• According to an embodiment, the techniques described herein are implemented by one or more special-purpose computing devices. The special-purpose computing devices may be hard-wired to perform the techniques, or may include digital electronic devices such as one or more application-specific integrated circuits (ASICs) or field programmable gate arrays (FPGAs) that are persistently programmed to perform the techniques, or may include one or more general purpose hardware processors programmed to perform the techniques pursuant to program instructions in firmware, memory, other storage, or a combination. Such special-purpose computing devices may also combine custom hard-wired logic, ASICs, or FPGAs with custom programming to accomplish the techniques. The special-purpose computing devices may be database servers, storage devices, desktop computer systems, portable computer systems, handheld devices, networking devices or any other device that incorporates hard-wired and/or program logic to implement the techniques.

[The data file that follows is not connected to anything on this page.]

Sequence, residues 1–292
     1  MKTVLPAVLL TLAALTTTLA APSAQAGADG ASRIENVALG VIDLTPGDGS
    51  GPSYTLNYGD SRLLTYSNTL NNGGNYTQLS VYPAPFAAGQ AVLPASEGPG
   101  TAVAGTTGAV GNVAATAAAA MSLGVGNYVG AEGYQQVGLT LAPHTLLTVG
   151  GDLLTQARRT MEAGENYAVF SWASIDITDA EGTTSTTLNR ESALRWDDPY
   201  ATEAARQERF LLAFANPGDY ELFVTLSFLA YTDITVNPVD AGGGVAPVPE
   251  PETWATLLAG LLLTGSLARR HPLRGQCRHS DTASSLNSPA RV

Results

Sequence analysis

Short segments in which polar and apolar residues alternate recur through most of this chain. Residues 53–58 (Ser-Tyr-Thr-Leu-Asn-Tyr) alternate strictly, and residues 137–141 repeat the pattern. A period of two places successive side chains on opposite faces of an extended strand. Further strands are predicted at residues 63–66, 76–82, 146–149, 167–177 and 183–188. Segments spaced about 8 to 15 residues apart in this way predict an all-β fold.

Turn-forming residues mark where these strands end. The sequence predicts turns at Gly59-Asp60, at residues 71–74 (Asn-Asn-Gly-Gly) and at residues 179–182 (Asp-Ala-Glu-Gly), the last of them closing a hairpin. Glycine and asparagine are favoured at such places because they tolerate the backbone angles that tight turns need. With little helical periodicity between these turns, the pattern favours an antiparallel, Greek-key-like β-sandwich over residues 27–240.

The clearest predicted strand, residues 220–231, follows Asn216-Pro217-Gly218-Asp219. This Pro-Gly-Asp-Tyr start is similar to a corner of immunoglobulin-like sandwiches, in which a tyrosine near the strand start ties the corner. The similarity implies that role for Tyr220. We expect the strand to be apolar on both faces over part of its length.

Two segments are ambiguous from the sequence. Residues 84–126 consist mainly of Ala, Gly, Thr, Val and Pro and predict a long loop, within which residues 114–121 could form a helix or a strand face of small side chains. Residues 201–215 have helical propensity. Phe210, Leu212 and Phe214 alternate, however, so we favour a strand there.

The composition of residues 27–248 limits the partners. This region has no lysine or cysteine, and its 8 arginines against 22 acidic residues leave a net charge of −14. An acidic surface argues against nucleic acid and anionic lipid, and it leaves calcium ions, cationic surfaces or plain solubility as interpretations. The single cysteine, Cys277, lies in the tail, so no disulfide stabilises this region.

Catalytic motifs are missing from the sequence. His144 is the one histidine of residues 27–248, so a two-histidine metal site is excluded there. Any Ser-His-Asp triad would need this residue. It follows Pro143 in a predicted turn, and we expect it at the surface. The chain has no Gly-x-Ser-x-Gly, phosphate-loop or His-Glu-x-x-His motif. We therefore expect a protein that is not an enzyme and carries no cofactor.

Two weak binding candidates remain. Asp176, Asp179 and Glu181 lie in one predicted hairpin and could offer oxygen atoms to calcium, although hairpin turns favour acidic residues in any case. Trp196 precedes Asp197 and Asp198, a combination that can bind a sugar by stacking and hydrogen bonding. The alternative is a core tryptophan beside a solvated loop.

• In the foregoing detailed description of embodiments of the present invention, numerous specific details have been set forth in order to provide a thorough understanding of the present invention. However, it will be recognized by one of ordinary skill in the art that the present invention is able to be practiced without these specific details. In other instances, well-known methods, procedures, components, and circuits have not been described in detail so as not to unnecessarily obscure aspects of the embodiments of the present invention. Although a method is able to be depicted as a sequence of numbered steps for clarity, the numbering does not necessarily dictate the order of the steps. It should be understood that some of the steps may be skipped, performed in parallel, or performed without the requirement of maintaining a strict order of sequence. The drawings showing embodiments of the invention are semi-diagrammatic and not to scale and, particularly, some of the dimensions are for the clarity of presentation and are shown exaggerated in the drawing Figures. Similarly, although the views in the drawings for the ease of description generally show similar orientations, this depiction in the Figures is arbitrary for the most part.